For readers of this magazine and millions of other Americans, the initial horror of September 11 was compounded by the sobering realization that George W. Bush would be at the helm for the aftermath. With a cabal of fundamentalists, crackpots and fascists whispering in his ear, Dubya became the world’s most dangerous weapon. Perhaps, we hoped, the rather low esteem in which he was held by the American people, the news media and much of Congress might save us.
No such luck. Congress and the mainstream media lined up behind him in lockstep. Instances of his much-vaunted ignorance wound up on the cutting-room floor. One cable network ran daily promos of Bush spurring on World Trade Center rescue workers, declaring that he had “found his voice” amid the rubble. Pundit Peggy Noonan declared Bush’s post-9/11 speech to Congress no less than “God-touched”; he had “metamorphosed into a gentleman of cool command…[with] a new weight, a new gravity.” Yet, despite the rise in his approval ratings, many harbored lingering doubts about the extent to which a “new” Bush existed.
Among the many critical viewpoints drowned out in the wake of the attacks was Mark Crispin Miller’s The Bush Dyslexicon, the first systematic critical examination of the President’s mistakes, misstatements and malapropisms. Fortunately, this clever volume has been reissued with updated material on Bush’s sayings and doings since that time.
Bush’s propensity for mangling the English language is no secret to anyone. No doubt we all have our favorites, which we’ve gleefully shared with friends, family, co-workers and comrades. Miller, a professor of media ecology at New York University, has compiled what is clearly the largest collection of Dubya-isms to date, among them these treats:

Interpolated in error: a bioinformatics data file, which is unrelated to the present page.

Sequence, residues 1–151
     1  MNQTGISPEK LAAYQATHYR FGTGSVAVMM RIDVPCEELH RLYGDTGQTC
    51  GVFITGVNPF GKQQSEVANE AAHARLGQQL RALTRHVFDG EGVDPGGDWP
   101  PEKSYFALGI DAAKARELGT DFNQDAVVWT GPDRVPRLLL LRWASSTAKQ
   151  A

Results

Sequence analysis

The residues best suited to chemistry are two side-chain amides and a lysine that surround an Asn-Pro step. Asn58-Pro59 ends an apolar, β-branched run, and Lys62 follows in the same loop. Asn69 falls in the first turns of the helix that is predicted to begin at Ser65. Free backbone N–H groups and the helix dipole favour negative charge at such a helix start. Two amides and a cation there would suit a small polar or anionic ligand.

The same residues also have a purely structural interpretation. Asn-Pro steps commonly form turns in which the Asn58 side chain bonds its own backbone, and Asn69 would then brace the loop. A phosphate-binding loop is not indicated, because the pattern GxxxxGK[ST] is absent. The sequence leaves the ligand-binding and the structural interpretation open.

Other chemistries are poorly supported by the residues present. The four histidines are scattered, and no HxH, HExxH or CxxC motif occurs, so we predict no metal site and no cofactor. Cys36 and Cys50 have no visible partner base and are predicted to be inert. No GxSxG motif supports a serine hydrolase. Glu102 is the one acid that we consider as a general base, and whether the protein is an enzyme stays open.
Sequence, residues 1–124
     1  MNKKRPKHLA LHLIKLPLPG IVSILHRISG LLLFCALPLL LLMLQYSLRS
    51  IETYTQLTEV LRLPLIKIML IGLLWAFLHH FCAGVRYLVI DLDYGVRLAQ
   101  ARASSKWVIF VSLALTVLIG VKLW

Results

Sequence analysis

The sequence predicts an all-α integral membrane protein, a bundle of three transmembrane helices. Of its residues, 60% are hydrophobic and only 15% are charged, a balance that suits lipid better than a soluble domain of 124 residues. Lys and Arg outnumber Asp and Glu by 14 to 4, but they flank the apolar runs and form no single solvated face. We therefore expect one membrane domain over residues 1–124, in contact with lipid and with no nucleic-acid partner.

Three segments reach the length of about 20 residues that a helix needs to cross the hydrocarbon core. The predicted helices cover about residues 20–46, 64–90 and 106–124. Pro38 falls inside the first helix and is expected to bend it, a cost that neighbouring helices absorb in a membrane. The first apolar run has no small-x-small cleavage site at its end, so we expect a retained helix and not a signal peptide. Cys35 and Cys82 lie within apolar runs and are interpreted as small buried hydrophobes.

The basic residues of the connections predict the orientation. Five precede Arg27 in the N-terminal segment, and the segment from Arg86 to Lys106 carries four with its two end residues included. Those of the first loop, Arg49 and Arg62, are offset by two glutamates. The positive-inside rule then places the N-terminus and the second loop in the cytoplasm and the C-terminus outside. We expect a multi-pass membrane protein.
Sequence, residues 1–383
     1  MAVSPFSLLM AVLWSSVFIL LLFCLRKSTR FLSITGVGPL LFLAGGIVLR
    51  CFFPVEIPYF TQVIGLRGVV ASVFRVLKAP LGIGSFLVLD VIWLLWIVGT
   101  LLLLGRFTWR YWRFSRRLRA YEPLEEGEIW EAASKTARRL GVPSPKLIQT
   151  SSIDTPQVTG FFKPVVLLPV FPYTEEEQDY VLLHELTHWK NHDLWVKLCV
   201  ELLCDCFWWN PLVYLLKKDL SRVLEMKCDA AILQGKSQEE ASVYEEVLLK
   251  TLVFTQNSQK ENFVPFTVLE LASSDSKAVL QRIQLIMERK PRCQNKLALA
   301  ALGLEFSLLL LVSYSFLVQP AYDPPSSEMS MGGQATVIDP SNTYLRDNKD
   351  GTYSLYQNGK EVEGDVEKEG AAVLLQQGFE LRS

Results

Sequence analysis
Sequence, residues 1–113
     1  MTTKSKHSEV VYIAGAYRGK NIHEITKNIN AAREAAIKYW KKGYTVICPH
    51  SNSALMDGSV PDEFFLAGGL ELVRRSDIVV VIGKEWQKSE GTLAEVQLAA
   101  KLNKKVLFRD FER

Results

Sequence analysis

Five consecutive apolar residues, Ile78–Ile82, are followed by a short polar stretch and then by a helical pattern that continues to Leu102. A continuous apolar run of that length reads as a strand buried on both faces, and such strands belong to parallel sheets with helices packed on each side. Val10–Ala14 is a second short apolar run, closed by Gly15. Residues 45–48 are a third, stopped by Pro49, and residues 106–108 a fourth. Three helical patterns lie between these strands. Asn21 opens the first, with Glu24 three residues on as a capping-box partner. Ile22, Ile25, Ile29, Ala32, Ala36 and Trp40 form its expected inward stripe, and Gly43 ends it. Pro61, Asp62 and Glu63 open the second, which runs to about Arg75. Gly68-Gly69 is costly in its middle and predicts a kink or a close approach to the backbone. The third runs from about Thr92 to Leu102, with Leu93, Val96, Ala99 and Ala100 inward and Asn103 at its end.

§ On his qualifications to be President: “I don’t feel I’ve got all that much too important to say on the kind of big national issues” (September 2000); and “Nobody needs to tell me what I believe. But I do need somebody to tell me where Kosovo is” (September 1999).
§ On coping with terrorism and other threats: “[We’ll] use our technology to enhance uncertainties abroad” (March 2000); and “We’ll let our friends be the peacekeepers and the great country called America will be the pacemakers” (September 2000).
§ On Russia: “And so one of the areas where I think the average Russian will realize that the stereotypes of America have changed is that it’s a spirit of cooperation, not one-upmanship; that we now understand one plus one can equal three, as opposed to us, and Russia we hope to be zero” (November 2001).
Miller vividly illustrates the depth of ignorance–as opposed to stupidity–that leads this President away from direct contact with journalists whenever possible. Miller also demonstrates that Bush’s “problem” with language is not easily separated from his “problem” with policy and politics. If we focus exclusively on his stormy relationship with proper grammar and logical sentence structure, Miller argues, we risk underestimating what his presidency means for the United States and the world. “Our president is not an imbecile but an operator just as canny as he is hard-hearted…. To smirk at his alleged stupidity is, therefore, not just to miss the point, but to do this unelected president a giant favor.”